The historic vote on the first day of this year's gathering in Edinburgh draws a line under a row which has split the Kirk for nine years.
Commissioners voted by 339 votes to 215 in favour of the move. The decision means that same sex civil marriage will be permitted for ministers.
However, they will not themselves be allowed to conduct gay weddings within the church.
Last year, the assembly agreed that ministers could enter into civil partnerships.
The Very Rev John Chalmers, principal clerk to the General Assembly, said: "We had a debate which made very clear that we were not interfering with our theological definition of marriage and were not going to the place where ministers or deacons could themselves be conducting same-sex marriages.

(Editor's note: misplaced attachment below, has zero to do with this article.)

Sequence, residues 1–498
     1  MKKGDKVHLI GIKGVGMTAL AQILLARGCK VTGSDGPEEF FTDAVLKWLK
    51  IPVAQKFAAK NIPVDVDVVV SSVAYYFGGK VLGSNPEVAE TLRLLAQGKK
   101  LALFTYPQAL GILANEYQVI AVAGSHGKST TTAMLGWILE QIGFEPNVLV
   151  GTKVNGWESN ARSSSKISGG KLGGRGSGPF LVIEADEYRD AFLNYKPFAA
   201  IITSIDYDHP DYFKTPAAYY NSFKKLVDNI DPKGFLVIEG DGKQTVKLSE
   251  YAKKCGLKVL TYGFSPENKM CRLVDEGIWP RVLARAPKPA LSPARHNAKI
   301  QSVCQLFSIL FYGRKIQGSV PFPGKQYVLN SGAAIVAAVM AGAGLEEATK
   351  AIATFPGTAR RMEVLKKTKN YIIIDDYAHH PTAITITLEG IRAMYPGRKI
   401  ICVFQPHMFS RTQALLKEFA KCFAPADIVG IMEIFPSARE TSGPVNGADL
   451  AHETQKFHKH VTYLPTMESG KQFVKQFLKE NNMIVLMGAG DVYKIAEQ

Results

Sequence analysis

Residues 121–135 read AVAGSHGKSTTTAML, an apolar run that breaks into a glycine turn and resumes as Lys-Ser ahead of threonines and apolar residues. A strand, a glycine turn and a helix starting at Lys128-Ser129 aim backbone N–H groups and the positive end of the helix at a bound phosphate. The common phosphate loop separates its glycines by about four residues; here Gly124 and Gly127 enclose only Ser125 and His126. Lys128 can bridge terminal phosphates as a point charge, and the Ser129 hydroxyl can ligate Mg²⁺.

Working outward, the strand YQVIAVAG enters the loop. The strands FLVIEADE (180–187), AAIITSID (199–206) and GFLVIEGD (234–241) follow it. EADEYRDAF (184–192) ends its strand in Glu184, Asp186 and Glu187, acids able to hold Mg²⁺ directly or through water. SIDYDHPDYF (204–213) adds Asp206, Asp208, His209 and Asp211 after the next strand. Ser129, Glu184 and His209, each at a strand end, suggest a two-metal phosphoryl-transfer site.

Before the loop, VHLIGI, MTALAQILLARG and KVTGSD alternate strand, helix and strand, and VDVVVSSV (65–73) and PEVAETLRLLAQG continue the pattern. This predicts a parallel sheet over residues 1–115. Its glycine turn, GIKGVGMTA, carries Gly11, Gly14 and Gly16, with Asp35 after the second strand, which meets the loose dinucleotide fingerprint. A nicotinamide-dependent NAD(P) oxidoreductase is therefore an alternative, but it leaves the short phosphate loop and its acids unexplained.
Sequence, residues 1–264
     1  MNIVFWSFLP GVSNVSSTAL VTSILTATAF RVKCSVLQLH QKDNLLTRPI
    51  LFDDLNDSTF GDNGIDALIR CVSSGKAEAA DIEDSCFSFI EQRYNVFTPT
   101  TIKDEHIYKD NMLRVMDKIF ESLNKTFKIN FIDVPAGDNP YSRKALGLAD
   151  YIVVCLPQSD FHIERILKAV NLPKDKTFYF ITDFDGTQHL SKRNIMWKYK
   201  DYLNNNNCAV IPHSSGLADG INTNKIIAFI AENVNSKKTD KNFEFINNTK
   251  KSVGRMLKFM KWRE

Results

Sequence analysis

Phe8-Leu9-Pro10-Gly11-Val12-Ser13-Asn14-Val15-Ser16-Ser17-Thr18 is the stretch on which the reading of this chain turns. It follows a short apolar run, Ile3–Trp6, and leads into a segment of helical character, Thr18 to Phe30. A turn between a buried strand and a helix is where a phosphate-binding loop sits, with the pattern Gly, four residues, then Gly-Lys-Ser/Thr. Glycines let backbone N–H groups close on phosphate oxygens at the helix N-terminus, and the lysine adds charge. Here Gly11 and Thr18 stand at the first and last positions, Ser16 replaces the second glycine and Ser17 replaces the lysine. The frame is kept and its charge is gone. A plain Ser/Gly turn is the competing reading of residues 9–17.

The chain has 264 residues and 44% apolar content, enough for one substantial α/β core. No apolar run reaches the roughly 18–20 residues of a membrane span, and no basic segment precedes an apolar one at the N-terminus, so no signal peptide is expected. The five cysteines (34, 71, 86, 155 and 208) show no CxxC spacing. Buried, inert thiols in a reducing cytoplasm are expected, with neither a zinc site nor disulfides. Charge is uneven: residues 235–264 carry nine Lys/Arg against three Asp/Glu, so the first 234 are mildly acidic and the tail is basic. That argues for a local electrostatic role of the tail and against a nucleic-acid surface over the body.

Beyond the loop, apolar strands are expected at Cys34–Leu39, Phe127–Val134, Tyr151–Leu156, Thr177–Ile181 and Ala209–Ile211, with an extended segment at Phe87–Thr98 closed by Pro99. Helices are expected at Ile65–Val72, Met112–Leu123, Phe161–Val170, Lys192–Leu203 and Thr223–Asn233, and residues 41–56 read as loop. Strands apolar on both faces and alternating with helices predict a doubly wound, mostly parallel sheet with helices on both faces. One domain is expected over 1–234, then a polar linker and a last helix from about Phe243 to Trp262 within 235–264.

"It is an entirely different discussion.
"Today's decision means it will be possible for Kirk sessions and congregations to depart from the traditional understanding of marriage to call not only potentially a minister in a civil partnership but one who is in a same-sex marriage.
"In some ways we crossed the Rubicon last year when it was agreed that Kirk sessions could call someone in a civil partnership and for many people what today was about was simply tidying up and making the law of the church consistent with Scots law."
He added: "Today I think people came to this decision with their minds on law and practice and not on theology and future practice."
The decision means the Kirk adopts a position which maintains a traditional view of marriage between a man and woman, but allows individual congregations to "opt out" if they wish to appoint a minister or a deacon in a same-sex marriage or a civil partnership.
Any wider consideration of the theological understanding of same-sex marriage will not take place until the Theological Forum presents its report to the Kirk next year.
These latest changes will differentiate the church from the Church of England, which bans clergy from being married to partners of the same sex and does not allow gay church weddings.